The road to the truth about God and His plan for mankind is found in the Bible and the Bible alone. Those who believe that the Bible is not trustworthy, and filled with errors are the ones who trust extra-Biblical writings for the absolute truth.

    Why anyone would trust Bible commentaries and church creed books for the complete truth about God is mystifying? It that reasoning based on faith? Is that reasoning a product of wisdom from God? God tells us to pray for wisdom.

    How is it possible to not trust the Bible and then use the Bible, that you believe it not trustworthy, for your bases for writing absolute truth in church catechisms and other books that contradict Biblical facts?

    It is irrational to deny that the Bible is not God’s only trustworthy source for truth and then use it to argue opposite doctrines found in creed books and Bible commentaries that have been written by mere men.

    Trust the Bible and the Bible alone for God’s view or trusts the uninspired writings of men.

    Scriptures are inspired by God.

    The views of men are inspired by their own opinions.

    2 Timothy 3:16 All Scripture is given by inspiration of God……(NKJV)

    What could be more irrational than using a Bible you do not believe is the absolute truth and the only truth as the proof to validate a position contrary to Scripture?



    • Gideon Marx says:

      Here is your mistake. You do not know what ‘All Scripture’ means. Nobody does. What Scripture did Paul use? Did he mean Scripture that was still going to be written? Did he by saying this endorse the sayings of the Sages (Pharisees) and so the Talmud? Did he mean Scripture to include the Book of Enoch? The Scripture now found among the Dead Sea Scroll? You simply cannot use Timothy to make your argument.


      • jesuswithoutbaggage says:

        I like your response, Gideon. I think you are right on target. It is really good to see your comments, and I hope you continue to interact with us here on Jesus without Baggage.


    • Dear Steve, I understand where you’re coming from – I’ve been there myself, not all that long ago. But the alternatives are not ‘scriptural inerrancy’ or ‘irrational thinking’. And those of us who turn from a belief in inerrancy do not look for absolute truths elsewhere – rather, we accept that absolute truth cannot be fully available to us in this world, though it may exist in heaven. So we do not abandon our commitment to seeking reality, but we do not rely solely on a single source to lead us there (or if we do, we look to Jesus rather than the Bible as the real ‘Word of God’).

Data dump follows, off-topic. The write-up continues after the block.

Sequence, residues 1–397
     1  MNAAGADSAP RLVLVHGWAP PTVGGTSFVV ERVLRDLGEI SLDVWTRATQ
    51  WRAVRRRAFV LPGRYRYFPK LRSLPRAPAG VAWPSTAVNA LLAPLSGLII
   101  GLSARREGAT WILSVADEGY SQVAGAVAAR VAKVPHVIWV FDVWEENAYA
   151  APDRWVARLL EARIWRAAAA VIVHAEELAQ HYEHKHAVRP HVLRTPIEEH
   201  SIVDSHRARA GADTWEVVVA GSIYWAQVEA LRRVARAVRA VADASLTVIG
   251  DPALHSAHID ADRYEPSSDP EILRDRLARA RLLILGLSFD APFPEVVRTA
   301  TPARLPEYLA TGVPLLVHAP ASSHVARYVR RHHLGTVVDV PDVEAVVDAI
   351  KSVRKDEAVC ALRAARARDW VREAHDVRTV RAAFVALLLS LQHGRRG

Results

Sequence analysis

An unswerving commitment to scriptural inerrancy requires one to turn a blind eye to what is obvious to most of us who have studied the Bible for years – that it simply is not inerrant, does not claim to be inerrant, and does not need to be inerrant in order to fulfil its purposes.

      Even if the claims of 2 Timothy were meant to apply to the whole Bible as we now have it (which they clearly aren’t), what they claim is divine inspiration, not inerrancy. The one does not imply the other.

      And even if we did have an inerrant Bible, we have to translate and interpret it to get to its meaning, and we cannot do this without a degree of human bias and potential misunderstanding. Those who claim that their reading of Scripture is led by the Spirit are always in competition with others who interpret it differently but also claim divine guidance.

      I understand why you feel the need to defend inerrancy, and I know that nothing I can say will deflect you from that path. But I wish for your sake that it could.

      Bless you,


      • consultgtf says:

        Bible is word of God, but those who can understand and live accordingly are very few, on the other hand those who can understand and whose FREE WILL is very powerful are galore! Only those will find fault in it.

        Imagine, if a formula was written about 3500 years back is still having the same effect, but in different environments also then we need to respect that formula! not find unwanted fault.
        Most always read Palms, others and for hitting others they use letters from Paul! Which is more than 1900 years old?
        NO ONE READS OLD TESTAMENT,WHY? which is the real treasure! Each and everyone’s life situation is already depicted in/by someone else, For which we don’t want to know how GOD punished for doing a sin like that.
        It is very simple, we have poster portraying a drunk driver getting involved in accidents, all his body parts shown outside his body after the accident, which means don’t drink and drive, but drunkards like me will never like see such posters as we are know that, it is OUR FATE ONE DAY! as we drive only after drinking!


        • Ex-evangelicals like me often like to say that it’s Jesus who is the real ‘Word of God’ (as in John 1), whereas the Bible is the ‘witness to the Word’.